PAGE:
There can also be more realms that are more specific to Buddhism:  (1) the "voice hearers," shravakas, adepts at Theravâda practice; (2) the pratyeka Buddhas, who have achieved enlightenment independently, through their own insight; (3) Bodhisattvas, adepts of Mahâyâna practice; and (4) Buddhas. This can bring the number of realms to ten.

"voice hearers," shravakas
The "voice hearer" realm itself can have four parts, (1) "stream enterers," (2) once returners, (3) non-returners, and (4) Arhats, "Saints," those who have the highest Theravâda achievement, and the equivalent of Enlightenment, but who do not count as Buddhas, even by Theravâda reckoning. "Once returners" and "non-returners" are those who have achieved sufficient merit that they will only be reborn once, or not at all, respectively.

Void Water Earth Fire Air Conscious-
With six realms of rebirth, we also can get six elements in Buddhism, instead of just the standard five inherited from orthodox philosophy. This is mainly a matter of Vajrayâna or "esoteric" schools, such as Shingon in Japan. The sixth element in this case is consciousness, or , vijñâna, in Sanskrit. In the correspondences with the realms of rebirth, I doubt that anyone would really want to match consciousness with the animal realm -- although Vajrayâna has been known for some strange, transgressive things. This may be far enough down the line, developmentally, that the correspondences never got worked out. Consciousness as an element perhaps would be the most suitable for a "mind only" metaphysics -- or for the modern "Copernhagen Interpretation" of quantum mechanics.

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Along the eastern face were seven blue-green flags for the eastern mansions -- Horn, Neck, Root, Room, Heart, Tail, Basket -- arrayed in the shape of the Sky-blue Dragon. Along the northern face were seven black flags for the northern mansions -- Southern Dipper, Ox, Girl, Void, Rooftop, Dwelling, Wall -- laid out in the form of the Dark Tortoise. On the western side flew seven white flags for the western mansions -- Straddling Legs, Bonds, Stomach, Bridge, Net, Turtle, Triaster -- in the menacing crouch of the White Tiger. On the soutern side flew seven red flags for the southern mansions -- Well, Ghost, Willow, Star, Drawn Bow, Wings, Axle -- making the outline of the Vermillion Bird.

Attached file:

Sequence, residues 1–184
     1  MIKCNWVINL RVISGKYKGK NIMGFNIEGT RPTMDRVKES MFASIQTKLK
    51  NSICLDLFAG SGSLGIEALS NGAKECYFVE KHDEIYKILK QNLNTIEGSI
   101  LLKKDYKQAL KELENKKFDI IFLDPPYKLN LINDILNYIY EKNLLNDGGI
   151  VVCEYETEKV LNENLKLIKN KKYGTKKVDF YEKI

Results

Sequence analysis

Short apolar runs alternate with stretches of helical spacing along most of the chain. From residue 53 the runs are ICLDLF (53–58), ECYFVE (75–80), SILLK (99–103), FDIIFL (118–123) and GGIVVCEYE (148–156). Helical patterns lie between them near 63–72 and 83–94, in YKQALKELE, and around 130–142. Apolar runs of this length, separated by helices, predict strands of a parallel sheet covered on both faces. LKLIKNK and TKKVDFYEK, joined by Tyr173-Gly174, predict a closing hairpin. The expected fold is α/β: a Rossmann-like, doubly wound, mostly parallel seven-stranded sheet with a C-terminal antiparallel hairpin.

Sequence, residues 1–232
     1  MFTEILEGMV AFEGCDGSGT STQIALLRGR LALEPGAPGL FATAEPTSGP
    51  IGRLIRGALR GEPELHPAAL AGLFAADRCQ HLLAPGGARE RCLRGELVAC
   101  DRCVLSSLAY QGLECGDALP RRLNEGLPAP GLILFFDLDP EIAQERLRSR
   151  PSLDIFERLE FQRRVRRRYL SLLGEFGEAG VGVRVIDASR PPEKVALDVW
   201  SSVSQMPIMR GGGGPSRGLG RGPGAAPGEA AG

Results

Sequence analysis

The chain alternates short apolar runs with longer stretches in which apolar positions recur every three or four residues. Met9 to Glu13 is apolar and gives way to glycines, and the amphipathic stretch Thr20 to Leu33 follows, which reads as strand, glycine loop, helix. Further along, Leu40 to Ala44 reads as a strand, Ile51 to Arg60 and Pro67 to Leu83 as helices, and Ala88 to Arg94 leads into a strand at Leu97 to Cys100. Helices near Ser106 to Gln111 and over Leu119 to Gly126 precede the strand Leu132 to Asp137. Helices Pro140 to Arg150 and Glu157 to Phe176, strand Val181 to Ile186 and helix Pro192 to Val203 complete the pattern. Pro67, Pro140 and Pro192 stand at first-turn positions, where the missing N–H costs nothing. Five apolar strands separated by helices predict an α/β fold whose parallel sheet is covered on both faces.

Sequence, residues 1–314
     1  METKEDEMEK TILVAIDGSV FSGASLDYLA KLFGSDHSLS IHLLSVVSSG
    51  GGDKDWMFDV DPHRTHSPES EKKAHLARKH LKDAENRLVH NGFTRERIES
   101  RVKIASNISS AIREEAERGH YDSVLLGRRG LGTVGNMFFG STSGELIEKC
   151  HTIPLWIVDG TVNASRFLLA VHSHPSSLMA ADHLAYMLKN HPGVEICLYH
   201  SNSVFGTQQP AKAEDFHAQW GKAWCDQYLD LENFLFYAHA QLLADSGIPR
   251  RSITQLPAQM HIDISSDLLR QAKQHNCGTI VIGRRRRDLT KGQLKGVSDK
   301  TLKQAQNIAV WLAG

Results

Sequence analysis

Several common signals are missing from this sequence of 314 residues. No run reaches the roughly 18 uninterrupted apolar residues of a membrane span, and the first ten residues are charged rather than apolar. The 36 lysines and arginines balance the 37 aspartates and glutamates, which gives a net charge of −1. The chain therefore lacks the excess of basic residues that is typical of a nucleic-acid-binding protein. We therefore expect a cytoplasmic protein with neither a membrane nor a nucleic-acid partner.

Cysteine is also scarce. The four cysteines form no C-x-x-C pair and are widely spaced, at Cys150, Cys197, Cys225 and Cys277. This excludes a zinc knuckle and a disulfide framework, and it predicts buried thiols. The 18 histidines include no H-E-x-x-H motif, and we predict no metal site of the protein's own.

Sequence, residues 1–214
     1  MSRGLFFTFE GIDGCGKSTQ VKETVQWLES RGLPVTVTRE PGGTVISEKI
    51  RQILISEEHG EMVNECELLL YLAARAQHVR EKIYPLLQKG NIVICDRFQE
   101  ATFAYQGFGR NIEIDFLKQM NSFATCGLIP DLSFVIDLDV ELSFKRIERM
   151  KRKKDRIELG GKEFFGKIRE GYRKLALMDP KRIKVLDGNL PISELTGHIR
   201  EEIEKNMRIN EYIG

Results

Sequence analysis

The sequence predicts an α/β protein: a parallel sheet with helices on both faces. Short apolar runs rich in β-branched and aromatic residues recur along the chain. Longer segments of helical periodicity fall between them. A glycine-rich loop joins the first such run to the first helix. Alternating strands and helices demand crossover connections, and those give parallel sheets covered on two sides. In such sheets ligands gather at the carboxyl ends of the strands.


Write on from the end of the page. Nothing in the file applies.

The Romance of the Three Kingdoms [, attributed to Luo Guanzhong; Three Kingdoms, Foreign Language Press, Beijing, 1995, 2007, Volume II, p.853, boldface added -- this is part of the structure of the altar built by Chu-ke Liang (Zhuge Liang) in order to perform a Taoist rite to call up the wind for the Battle of Red Cliff; the "mansions" are asterisms.]

The Chinese elements come early, and their development in Chinese philosophy cannot be followed as can the development of the Greek and Indian elements. The system of five elements and classifying things by fives is already evident in Classics like the Tao Te Ching () and the Shu Ching (, the Book of History), both of uncertain date and authorship. Later such classifications are expanded almost without limit (when Buddhism arrives from India with its own five elements, it adds its own system of fives). The first individual known to have written about the five elements was Tsou Yen, of the Yin-Yang or "Cosmologist" School (), who lived in the third century B.C. But even with him, the original texts are lost, and all we know is what the Han historian Ssu-ma Ch'ien (Sima Qian) says about him in the Shih Chi (, Historical Records), the first great Chinese dynastic history.

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mutually producing, xiangsheng [1]wood produces firefire produces earthearth produces metalmetal produces waterwater produces wood
mutually overcoming, xiangke [1]wood overcomes earthfire overcomes metalearth overcomes watermetal overcomes woodwater overcomes fire








benevolenceproprietygood faithrighteousnessknowledge
soul (hun)
soul (p'e)
finesdetentionexilelife exiledeath
Marx BrothersChico
1970-1971 UCLA Starting Basketball TeamSidney WicksCurtis RoweSteve PattersonKenny BookerHenry Bibby

Of minor note but interest here is the fact that the character , which is "metal" or "gold," is also the surname "Kim" in Korea. This would be in Hangul, which is probably closer to the original pronunciation in Chinese, with an initial stop and a final labial. Kim is the second most common surname in Korea.